The Hardest Thing I've Ever Done: Our Breastfeeding Journey

In the dusk, in her nursery, in our chair, I hum the song my mother sang to me years ago. We are nursing as we do every night, the curtains pulled tight around the windows that overlook the bed of irises that have just given their last color. She is softly fading into deep, warm baby sleep. Her flutter sucking tells me she is comfortable and content. I brush her soft brown hair and listen to her breathe. What a moment to experience every night with Phoebe.

It wasn't always like this, though, this blissful nursing was not always so.

 Breastfeeding is by far the hardest thing I have ever done. Harder than pregnancy. Harder than childbirth.

 If you've ever nursed a baby, you're nodding your head. If you haven't, you're wondering: "How's that possible, when breastfeeding is so natural and normal?"

Have I got a story for you.

When Phoebe was born they placed her on my chest and within minutes she latched on to my right breast and I don't remember what it felt like. All I remember is her chocolate hair and the warmth of her slimy body.

The next morning when the pediatrician came around, the doctor examined Phoebe and stuck her fingers in my baby's mouth.

"We have a slight tongue tie," said the doctor. "Shouldn't be any problem and shouldn't need any attention."

In one ear, out the other. Then the lactation consultant came by. What a remarkable woman she was. She adopted two babies and nursed them both, taking hormones prescribed by a doctor to force her milk in. Total badass. She looked at Phoebe's tongue tie and said, "Mama this is not going to be easy for you. You will be sore. You will bleed. You will curl your toes in pain every time you nurse unless you fix this."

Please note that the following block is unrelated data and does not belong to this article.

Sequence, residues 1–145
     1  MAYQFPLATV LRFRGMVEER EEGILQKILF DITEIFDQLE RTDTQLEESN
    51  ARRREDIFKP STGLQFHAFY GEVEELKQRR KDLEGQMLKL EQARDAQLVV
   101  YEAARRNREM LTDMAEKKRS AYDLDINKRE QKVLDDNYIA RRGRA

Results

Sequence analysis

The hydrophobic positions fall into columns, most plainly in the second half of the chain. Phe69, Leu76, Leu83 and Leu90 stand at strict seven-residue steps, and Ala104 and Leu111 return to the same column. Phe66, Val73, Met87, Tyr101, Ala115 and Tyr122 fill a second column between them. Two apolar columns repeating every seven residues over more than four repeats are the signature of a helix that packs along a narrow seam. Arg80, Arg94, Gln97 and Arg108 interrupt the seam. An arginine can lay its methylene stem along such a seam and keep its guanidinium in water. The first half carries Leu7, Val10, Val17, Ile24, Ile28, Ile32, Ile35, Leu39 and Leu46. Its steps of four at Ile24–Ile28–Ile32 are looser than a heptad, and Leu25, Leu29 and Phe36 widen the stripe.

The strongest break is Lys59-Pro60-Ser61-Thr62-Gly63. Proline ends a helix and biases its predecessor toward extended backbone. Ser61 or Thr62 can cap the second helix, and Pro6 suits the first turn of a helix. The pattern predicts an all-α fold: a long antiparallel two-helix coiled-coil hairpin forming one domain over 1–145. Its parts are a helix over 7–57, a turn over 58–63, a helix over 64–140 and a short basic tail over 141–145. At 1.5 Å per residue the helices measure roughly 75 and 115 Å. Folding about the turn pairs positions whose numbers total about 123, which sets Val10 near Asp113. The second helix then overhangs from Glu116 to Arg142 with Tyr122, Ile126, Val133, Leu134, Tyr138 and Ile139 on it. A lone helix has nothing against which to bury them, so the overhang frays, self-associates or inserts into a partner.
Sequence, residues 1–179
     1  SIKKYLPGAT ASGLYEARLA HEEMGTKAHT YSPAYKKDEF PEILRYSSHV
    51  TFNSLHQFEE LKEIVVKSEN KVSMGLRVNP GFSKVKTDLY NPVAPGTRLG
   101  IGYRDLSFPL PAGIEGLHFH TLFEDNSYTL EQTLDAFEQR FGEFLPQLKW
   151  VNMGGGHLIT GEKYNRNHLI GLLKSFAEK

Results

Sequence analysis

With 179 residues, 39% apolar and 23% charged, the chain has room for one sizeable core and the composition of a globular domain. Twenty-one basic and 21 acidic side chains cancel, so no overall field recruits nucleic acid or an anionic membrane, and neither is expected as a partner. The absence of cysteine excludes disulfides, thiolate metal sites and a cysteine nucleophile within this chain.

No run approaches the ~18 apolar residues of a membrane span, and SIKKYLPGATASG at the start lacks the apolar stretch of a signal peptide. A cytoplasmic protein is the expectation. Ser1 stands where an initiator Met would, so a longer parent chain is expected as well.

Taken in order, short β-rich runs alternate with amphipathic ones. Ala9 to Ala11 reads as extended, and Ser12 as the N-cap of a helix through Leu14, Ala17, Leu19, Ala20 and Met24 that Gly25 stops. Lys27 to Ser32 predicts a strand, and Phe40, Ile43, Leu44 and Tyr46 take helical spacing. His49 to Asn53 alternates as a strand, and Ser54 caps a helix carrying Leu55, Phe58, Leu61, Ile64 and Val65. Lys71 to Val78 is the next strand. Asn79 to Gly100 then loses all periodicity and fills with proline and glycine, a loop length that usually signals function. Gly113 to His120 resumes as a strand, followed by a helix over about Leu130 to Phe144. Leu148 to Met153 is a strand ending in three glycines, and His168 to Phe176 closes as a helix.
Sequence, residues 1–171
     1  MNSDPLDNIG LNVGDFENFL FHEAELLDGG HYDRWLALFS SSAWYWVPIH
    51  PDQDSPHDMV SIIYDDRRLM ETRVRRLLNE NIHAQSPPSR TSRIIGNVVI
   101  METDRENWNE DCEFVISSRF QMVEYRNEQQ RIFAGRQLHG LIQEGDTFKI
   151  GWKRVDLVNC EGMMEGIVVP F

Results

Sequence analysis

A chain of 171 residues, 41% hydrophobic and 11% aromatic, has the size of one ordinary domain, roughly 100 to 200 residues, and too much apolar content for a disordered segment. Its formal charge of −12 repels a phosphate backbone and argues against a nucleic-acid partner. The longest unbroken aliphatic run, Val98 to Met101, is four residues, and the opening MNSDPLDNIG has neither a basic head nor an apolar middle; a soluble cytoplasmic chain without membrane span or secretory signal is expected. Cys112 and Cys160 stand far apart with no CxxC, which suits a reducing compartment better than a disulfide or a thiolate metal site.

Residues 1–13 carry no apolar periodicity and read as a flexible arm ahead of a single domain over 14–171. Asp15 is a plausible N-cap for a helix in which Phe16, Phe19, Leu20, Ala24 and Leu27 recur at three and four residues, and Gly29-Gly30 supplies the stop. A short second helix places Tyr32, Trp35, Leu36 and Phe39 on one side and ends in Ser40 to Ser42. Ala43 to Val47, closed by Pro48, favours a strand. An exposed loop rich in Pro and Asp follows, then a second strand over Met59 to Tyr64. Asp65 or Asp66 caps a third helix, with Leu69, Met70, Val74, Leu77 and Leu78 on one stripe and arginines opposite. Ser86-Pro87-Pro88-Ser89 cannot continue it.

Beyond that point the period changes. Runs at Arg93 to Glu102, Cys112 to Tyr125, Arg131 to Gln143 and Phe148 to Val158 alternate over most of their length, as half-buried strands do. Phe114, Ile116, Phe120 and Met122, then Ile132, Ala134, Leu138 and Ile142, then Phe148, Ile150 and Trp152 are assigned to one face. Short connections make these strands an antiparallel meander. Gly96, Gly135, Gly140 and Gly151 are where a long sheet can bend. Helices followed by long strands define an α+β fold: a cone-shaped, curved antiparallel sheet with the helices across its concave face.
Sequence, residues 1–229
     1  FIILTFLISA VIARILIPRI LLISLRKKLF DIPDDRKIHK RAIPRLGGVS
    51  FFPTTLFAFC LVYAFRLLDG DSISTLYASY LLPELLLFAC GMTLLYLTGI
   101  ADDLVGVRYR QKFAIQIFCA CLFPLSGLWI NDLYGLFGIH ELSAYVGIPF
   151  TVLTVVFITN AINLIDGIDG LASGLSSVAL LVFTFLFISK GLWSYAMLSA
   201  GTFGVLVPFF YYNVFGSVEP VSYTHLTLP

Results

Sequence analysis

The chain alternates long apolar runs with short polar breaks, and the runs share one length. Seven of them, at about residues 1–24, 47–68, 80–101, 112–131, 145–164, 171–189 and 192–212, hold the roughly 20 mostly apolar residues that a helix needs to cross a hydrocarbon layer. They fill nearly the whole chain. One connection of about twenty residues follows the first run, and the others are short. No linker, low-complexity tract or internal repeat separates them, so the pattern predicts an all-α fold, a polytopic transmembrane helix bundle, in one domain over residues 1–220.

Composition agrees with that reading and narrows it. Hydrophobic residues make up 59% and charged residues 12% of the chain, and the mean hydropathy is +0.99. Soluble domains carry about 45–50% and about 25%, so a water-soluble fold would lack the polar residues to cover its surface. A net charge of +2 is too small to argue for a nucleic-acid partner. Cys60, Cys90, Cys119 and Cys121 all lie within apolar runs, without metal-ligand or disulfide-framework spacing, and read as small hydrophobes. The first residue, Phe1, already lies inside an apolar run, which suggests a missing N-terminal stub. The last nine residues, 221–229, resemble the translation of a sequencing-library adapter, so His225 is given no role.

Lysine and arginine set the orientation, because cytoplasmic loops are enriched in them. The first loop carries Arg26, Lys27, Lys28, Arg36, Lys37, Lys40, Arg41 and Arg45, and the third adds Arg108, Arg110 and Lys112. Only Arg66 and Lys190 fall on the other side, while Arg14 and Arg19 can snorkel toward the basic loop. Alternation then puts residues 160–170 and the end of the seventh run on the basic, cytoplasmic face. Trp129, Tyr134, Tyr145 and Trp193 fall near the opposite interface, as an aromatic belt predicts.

I didn't know who to listen to... The pediatrician who said eh, no big deal, or the badass consultant who took hormones to nurse babies she did not birth...

So I waited to see what would happen. Phoebe and I came home from the hospital and in a few days my milk came in. I remember texting my friend Kelsey who had a baby just 4 months older than Phoebe. I said, Help! I'm engorged! And she said, Oh no! Pump!

So began my pumping journey.

So I pumped. Oh the relief! I started a routine of pumping once in the morning and once at night. But when I was nursing Phoebe, everything was different. I remember helping her latch on and gasping in pain. I remember her screaming at the breast because she couldn't get what she needed.

When I stood in the shower, I remember blood slowly trickling down my body from my damaged breasts. Even though there was pain, I knew I had no options but to suck it up and continue to try.